It’s 25 years this week since Hugo Chávez – an inspiration for leftwingers like Ken Livingstone and Jeremy Corbyn – was elected president of Venezuela. Chávez may not be the person primarily responsible for his country’s descent into dictatorship, anarchy and humanitarian disaster (that would be his hand-picked successor, Nicolás Maduro) but the foundation was laid by his unrestrained populism.
That populism had two pillars: socialism and nationalism. Chávez claimed inspiration from Karl Marx and, particularly, from the Venezuelan independence hero Simón Bolívar. During his 14 years in power, Chávez tried to combine these two influences to create a socially equal and sovereign Venezuela. He called his project ‘Bolivarian Socialism’. The problem? Marx absolutely hated Bolívar.
Marx wrote one essay about Bolívar, published in 1858 in the third volume of the New American Cyclopaedia. In it, Marx presents the Liberator not as a proto-socialist but as a mediocre general, a despot, and a racist.
Bolívar’s military prowess was central to his importance to Chávez – a former army officer who constantly tried to present himself as Bolívar reincarnate. As president, Chávez gave his international allies replicas of Bolívar’s sword. After his failed coup in 1992, he announced: ‘The authentic leader of this rebellion is General Simon Bolívar.’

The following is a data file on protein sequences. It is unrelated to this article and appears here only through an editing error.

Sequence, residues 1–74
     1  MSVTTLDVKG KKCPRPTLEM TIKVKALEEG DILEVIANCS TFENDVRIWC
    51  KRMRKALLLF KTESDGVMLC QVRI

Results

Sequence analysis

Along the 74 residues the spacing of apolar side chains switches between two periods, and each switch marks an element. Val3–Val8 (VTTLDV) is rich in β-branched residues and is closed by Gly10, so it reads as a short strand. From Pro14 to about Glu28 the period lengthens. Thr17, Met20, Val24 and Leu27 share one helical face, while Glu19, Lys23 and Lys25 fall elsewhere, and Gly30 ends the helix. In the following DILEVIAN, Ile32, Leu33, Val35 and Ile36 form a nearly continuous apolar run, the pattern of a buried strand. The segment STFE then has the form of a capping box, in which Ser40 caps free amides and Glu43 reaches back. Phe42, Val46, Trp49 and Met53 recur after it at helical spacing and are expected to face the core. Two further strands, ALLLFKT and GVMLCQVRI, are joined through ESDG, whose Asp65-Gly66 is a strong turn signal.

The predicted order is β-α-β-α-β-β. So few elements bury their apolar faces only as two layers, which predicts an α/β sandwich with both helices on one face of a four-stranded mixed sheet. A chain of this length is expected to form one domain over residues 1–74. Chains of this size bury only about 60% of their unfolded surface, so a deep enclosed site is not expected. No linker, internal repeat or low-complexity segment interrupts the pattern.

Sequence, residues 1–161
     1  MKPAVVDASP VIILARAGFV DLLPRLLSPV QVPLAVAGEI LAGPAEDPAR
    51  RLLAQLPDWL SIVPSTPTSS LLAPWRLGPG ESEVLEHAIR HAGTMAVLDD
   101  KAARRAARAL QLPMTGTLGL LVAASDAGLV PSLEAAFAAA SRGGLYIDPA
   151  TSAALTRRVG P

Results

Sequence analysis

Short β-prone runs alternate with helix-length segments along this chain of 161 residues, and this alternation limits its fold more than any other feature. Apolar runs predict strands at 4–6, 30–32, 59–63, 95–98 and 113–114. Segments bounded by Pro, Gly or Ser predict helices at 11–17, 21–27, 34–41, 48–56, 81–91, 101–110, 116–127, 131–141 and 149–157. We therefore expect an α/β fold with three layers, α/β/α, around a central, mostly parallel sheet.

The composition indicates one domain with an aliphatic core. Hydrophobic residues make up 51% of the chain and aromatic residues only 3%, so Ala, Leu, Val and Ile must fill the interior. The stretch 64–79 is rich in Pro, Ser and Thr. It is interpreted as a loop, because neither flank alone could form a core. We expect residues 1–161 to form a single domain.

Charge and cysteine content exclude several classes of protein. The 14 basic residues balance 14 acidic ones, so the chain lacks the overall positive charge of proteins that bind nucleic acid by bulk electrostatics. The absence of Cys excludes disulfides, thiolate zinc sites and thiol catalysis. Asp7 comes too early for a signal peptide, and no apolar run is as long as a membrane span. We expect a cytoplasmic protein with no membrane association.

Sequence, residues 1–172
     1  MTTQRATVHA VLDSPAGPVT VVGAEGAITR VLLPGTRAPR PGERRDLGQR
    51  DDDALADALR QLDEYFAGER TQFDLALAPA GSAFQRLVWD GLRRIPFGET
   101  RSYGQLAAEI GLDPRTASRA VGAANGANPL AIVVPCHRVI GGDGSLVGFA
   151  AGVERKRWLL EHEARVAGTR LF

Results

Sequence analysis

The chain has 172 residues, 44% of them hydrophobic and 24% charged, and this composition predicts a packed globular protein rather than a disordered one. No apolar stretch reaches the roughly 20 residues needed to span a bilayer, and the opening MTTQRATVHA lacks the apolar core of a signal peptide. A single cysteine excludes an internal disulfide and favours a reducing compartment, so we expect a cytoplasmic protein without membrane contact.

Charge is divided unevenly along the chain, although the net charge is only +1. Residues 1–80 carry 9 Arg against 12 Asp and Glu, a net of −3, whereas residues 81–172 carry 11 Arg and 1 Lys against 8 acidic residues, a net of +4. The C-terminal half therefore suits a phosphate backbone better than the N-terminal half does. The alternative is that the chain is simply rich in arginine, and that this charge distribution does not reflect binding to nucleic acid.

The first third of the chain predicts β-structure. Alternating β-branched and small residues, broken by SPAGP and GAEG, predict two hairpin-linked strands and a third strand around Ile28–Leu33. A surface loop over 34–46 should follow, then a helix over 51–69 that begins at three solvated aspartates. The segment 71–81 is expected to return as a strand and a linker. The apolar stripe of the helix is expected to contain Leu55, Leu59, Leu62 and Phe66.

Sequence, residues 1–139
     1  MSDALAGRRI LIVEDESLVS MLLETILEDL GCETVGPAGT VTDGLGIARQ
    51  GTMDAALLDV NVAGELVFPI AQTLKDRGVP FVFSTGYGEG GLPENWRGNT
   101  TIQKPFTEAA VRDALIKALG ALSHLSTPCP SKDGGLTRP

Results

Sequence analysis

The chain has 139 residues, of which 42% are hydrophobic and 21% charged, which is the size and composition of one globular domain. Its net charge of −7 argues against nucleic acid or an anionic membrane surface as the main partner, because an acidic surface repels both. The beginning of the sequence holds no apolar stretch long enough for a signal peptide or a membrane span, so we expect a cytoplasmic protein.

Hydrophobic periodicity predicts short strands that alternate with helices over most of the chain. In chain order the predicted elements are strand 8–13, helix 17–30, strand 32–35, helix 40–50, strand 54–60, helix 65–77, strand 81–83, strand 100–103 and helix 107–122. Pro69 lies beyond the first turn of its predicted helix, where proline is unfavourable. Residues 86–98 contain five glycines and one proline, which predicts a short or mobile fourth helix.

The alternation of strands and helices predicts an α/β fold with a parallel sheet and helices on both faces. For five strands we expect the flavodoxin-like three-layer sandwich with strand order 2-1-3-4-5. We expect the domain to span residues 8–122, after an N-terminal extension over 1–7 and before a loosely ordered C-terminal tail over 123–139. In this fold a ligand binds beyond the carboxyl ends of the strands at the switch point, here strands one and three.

Marx, however, disdained Bolívar’s generalship. He argued that if Bolívar had moved decisively in Venezuela in late 1819 ‘the Spaniards would have been crushed…but he preferred protracting the war for five years longer’. Of his campaign in 1820, Marx wrote that ‘notwithstanding his vastly superior forces, Bolívar contrived to accomplish nothing’. Of the liberation of modern-day Ecuador and southwest Colombia, he stated: ‘This campaign was nominally led by Bolívar and General Sucre, but the few successes of the corps were entirely owed to British officers such as Colonel Sands.’
Marx then harangued Bolívar for his dictatorial proclivities.